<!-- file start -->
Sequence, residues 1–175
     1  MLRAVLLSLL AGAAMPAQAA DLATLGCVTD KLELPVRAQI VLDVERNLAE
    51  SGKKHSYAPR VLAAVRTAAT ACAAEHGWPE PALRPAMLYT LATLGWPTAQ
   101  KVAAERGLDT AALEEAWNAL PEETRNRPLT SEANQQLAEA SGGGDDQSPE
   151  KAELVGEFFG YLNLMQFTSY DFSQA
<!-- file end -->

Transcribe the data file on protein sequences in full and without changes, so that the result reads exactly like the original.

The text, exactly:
Sequence, residues 1–175
     1  MLRAVLLSLL AGAAMPAQAA DLATLGCVTD KLELPVRAQI VLDVERNLAE
    51  SGKKHSYAPR VLAAVRTAAT ACAAEHGWPE PALRPAMLYT LATLGWPTAQ
   101  KVAAERGLDT AALEEAWNAL PEETRNRPLT SEANQQLAEA SGGGDDQSPE
   151  KAELVGEFFG YLNLMQFTSY DFSQA